4. A plastic composition capable of setting to form a refractory and electrically insulating coating on metallic surfaces when heated to temperatures ranging from about 100 to 300 C., comprising a mixture containing about 15 to 30 parts by weight of a hydrate of aluminum oxide, about 5 to 15 parts by weight of a refractory clay which is electrically insulating when in the dry state, about 80 to 55 parts by weight of an inert refractory, granular filler and phosphoric acid in a quantity sufficient, upon drying and heating,

to formaluminum phosphate from said hydrate of aluminum oxide.

5. The composition of claim 4 wherein said hydrate of aluminum oxide is bauxite.

6. The composition of claim 4 wherein said hydrate of aluminum oxide is laterite.

7. The composition of claim 4 wherein the grain size of said inert filler ranges up to 0.15 mm.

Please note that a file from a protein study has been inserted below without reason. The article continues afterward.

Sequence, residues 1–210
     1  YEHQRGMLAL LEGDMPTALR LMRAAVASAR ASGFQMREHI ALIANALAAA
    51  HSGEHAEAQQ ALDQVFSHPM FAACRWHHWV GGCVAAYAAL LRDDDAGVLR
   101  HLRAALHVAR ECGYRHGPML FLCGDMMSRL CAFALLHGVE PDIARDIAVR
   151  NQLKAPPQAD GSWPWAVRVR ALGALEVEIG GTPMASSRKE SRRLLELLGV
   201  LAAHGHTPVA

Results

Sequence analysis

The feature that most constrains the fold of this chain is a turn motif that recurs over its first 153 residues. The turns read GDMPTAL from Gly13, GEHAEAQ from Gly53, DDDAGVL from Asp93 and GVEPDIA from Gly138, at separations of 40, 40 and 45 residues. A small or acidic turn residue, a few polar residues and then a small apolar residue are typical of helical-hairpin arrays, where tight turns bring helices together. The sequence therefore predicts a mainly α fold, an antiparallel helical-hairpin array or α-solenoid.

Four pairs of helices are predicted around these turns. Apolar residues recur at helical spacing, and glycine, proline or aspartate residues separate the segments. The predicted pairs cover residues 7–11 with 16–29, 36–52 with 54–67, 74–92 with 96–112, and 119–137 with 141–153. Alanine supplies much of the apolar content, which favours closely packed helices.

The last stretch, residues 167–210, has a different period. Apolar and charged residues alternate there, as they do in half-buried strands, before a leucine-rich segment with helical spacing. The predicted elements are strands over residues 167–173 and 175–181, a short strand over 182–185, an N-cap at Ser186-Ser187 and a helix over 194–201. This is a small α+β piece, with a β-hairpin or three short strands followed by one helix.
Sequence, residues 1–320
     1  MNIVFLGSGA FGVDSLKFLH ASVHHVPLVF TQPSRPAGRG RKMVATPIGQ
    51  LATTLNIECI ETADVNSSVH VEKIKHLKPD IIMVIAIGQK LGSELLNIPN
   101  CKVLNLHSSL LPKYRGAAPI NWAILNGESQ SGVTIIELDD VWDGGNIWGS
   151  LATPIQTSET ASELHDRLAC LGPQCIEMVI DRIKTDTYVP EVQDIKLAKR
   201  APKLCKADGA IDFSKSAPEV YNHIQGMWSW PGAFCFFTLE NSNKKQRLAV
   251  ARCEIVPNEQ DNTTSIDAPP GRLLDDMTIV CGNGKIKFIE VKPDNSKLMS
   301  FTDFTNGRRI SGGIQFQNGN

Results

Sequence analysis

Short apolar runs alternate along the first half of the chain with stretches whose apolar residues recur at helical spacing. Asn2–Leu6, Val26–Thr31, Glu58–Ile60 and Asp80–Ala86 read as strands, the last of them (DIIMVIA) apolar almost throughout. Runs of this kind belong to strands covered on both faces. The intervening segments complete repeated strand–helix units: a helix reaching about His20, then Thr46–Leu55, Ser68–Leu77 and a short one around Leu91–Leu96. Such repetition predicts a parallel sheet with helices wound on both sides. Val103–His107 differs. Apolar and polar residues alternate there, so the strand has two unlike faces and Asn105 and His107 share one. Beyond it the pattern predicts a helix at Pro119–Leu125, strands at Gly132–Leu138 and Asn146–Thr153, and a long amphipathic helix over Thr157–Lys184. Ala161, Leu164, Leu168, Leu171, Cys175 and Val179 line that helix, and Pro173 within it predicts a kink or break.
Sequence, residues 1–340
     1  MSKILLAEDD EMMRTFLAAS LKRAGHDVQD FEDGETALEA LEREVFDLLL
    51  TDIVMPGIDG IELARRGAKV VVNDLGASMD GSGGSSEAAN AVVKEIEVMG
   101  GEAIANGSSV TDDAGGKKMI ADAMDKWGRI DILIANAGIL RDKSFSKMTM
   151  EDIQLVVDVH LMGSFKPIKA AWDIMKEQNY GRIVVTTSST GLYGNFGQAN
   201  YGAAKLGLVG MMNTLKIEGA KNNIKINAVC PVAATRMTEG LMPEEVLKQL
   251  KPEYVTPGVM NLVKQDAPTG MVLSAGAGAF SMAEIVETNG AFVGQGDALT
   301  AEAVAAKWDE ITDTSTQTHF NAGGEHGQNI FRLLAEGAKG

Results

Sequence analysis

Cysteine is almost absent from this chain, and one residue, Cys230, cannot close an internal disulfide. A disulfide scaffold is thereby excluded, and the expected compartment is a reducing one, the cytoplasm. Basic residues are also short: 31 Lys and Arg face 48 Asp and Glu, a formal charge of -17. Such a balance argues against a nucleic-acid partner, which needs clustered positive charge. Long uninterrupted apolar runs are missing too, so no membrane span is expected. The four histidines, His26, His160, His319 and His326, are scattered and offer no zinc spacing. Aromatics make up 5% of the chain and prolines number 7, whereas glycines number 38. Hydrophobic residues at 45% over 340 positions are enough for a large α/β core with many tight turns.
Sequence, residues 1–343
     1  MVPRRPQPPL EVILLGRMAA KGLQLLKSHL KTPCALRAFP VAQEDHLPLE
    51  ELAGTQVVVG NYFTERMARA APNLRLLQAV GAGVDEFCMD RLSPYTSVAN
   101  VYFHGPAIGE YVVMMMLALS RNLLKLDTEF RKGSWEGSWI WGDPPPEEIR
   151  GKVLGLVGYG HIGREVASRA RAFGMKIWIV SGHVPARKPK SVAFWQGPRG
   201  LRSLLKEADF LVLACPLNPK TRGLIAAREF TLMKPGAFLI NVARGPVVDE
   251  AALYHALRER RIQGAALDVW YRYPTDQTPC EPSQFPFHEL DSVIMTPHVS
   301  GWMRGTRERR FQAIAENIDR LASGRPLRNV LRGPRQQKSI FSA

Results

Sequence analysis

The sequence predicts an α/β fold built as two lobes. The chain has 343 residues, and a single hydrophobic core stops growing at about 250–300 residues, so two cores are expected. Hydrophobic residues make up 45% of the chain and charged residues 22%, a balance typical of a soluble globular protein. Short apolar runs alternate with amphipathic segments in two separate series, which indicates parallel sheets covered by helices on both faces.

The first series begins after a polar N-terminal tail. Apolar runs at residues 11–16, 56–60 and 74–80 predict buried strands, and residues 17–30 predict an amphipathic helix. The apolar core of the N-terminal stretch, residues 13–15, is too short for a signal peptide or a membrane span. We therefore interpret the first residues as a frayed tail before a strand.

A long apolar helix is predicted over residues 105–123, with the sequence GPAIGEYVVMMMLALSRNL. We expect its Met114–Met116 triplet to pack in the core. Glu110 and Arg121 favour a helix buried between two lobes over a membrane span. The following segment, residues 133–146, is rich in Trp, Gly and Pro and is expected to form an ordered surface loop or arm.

8. The composition of claim 4 wherein said filler is composed of two fractions having a different grain size, one fraction having a grain size ranging up to 0.15 mm. and the other fraction, constituting from about 40 to 50 per cent by weight of the filler, having a grain size of about 0.2 to 0.5 mm.

9. A plastic composition capableof setting to form a refractory and electrically insulating coating on metallic surfaces when heated to temperatures ranging from about 100 to 300 C., comprising about 20 parts by weight of bauxite, about 10 parts by weight of kaolin, about 70 parts by Weight of an inert, refractory, granular material having a grain size up to 0.15 mm. and a phosphoric acid solution containin about 1 part by volume of concentrated acid to 5 parts of water, in amount substantially sufficient to react with the bauxite to form aluminum phosphate.